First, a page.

Said Jerry Manuel: “I want to get as much of a feel as possible for him in that particular role.”

Also today:

* Ike Davis was optioned out and there was immediate talk it was done to alleviate pressure on Daniel Murphy, who has had a miserable spring. If Murphy needs something like that to help his confidence then he’s in trouble. In 25 at-bats, Davis is hitting .480 with three homers and 10 RBI. Conversely, Murphy is batting .133 with one extra-base hit over 30 at-bats.

* Jose Reyes was cleared to play and will be in camp tomorrow.

Feb 19

Feb. 19.10: Manuel likes Reyes third.

Manager Jerry Manuel, in talking to the press for the first time this spring, said he likes the idea of batting Jose Reyes third. I don’t understand why you’d want to take arguably the best leadoff hitter in the game and tinker with him.

REYES: Leave him alone.

REYES: Leave him alone.


Reyes, if he works on his game – bunting, hitting the ball on the ground, drawing more walks – could become one of the game’s all-time leadoff hitters. A modern day Rickey Henderson, perhaps.

The numbers suggest leaving him where he is. Over the past three seasons, Reyes is batting .293 leading off an inning and .295 with nobody on base. Conversely, he is batting .267 with RISP, .230 with RISP and two outs, and .205 with the bases loaded.

The offensive criticism of Reyes is he sometimes plays outside his game, and once he hits a home run or two starts swinging for the fences, which is away from his strength. Why put him into a slot in the order where he could become prone to bad habits?

The reasons I can fathom moving Reyes to third are two-fold, 1) the Mets don’t expect Carlos Beltran back soon, and 2) the Mets are more worried about Reyes’ running and speed than they are willing to admit.

For years, we’ve been told Reyes was the ignition to the offense, that as he goes so do the Mets. But, that was predicated on him batting leadoff. I have been critical of Reyes at times, but that’s when he takes plays off. However, the Mets’ inability to win since 2006 have nothing to do with him.

Another way to look at this are to examine the other options. There’s nobody comparable to Reyes as a leadoff hitter, but David Wright is capable of hitting third, followed by Jason Bay and Jeff Francoeur. It’s not Philly, but it is a good 3-4-5.

There’s plenty of issues with this team, tinkering with Reyes shouldn’t be one of them.

Sep 18

About that vote of confidence ….

Supposedly, manager Jerry Manuel has been given a vote of confidence by management/ownership, but is that melting away?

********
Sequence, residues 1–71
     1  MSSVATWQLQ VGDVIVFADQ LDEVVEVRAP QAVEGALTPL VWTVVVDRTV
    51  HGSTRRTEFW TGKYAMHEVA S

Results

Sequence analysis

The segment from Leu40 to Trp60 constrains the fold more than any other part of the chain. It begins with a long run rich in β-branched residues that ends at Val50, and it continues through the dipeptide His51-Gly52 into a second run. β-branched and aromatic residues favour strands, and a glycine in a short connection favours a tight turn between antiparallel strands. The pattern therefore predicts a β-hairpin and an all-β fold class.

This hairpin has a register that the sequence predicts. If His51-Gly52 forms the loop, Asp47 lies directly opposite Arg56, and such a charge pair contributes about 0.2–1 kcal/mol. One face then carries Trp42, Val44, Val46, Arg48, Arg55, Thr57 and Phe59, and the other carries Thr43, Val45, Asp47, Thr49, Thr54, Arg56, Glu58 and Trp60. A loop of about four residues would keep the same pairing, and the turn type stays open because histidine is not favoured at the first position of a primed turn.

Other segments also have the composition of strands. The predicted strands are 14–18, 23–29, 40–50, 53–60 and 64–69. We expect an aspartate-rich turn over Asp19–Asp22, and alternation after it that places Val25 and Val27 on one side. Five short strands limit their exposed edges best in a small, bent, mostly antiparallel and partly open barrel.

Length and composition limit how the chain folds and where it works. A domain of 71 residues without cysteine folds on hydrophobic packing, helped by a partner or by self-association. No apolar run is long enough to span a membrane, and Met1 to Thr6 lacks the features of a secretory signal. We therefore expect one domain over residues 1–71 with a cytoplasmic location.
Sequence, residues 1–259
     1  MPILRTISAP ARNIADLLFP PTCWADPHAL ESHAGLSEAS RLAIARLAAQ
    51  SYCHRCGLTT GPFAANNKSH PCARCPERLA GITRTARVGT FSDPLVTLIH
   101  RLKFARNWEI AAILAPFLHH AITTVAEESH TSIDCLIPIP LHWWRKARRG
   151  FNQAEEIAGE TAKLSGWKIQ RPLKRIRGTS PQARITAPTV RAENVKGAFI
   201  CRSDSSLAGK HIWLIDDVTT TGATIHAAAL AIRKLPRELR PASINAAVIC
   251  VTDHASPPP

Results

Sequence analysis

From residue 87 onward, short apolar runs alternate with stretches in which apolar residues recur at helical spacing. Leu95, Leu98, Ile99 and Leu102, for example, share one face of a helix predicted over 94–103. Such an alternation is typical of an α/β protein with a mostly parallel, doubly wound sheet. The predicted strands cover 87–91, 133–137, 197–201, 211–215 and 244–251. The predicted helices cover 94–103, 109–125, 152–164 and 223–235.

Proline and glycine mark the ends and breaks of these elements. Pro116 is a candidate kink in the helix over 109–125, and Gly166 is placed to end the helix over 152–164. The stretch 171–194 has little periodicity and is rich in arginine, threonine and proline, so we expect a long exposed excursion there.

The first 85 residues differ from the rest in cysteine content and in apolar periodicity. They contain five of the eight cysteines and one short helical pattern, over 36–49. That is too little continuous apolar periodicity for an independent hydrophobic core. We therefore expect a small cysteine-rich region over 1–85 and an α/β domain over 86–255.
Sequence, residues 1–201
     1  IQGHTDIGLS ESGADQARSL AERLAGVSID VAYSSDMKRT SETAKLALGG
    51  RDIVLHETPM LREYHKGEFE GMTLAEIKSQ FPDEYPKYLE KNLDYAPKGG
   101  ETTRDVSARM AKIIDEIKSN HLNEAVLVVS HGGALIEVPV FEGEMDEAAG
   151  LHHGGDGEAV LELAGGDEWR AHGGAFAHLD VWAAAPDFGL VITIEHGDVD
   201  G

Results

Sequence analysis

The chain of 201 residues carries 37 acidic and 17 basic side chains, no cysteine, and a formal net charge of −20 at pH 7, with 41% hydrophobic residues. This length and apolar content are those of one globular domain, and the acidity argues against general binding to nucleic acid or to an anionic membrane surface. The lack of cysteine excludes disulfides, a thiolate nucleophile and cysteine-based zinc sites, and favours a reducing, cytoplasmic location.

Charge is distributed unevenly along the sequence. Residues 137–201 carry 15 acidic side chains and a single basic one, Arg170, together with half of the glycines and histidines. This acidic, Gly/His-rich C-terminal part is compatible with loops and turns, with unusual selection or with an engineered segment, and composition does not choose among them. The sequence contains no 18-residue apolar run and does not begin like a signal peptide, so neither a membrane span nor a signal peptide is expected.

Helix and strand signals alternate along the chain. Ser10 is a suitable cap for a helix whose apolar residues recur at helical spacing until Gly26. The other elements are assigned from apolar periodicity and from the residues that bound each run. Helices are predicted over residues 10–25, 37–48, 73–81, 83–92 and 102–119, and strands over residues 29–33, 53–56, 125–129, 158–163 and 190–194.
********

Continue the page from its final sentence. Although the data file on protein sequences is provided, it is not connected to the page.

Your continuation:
For the longest time I thought Manuel would get a pass on this season because of the injuries that crippled this roster. I still think it might play out that way, but now I’m wondering if that’s the best way to go.

MANUEL: Is the inspiration there?

MANUEL: Is the inspiration there?


The Mets have responded with only four victories in September, which for the third straight season, has become a lost month. And, if you look back on it, September 2006 wasn’t so red hot, either.

Injuries are part of the game which must be overcome, but sometimes they understandably can’t be because no team – not even the Yankees – have the depth to withstand what happened to the Mets this season. However, is that any excuse for such shoddy play?

For all the talk of how the Mets were going to be a fundamentally sound team this season, and for all the work done in spring training, this team is horrible in that area. For example:

1) The baserunning has been terrible (21 nailed at the plate).
2) Too many at-bats are wasted.
3) The situational hitting is often not there, and their high average with RISP is a misnomer because they aren’t scoring the runs.
4) Defensively, too often the outfielders overthrow the cutoff man.
5) Way too many errors for a team that doesn’t have the power to overcome them.
6) The staff has walked well over 500 opposing batters and might push 600 for the season.

All that is a reflection on the manager and coaching staff. In addition, the team has no life right now, and their record is not an excuse for the lack of spark. Conversely, the lack of spark is a contributor to the record.

All this comes back to Manuel and the staff. If the Mets were playing smart, aggressive baseball, this wouldn’t even be an issue. Injuries are beyond a manager’s control, but the attitude and fundamental base of the team isn’t.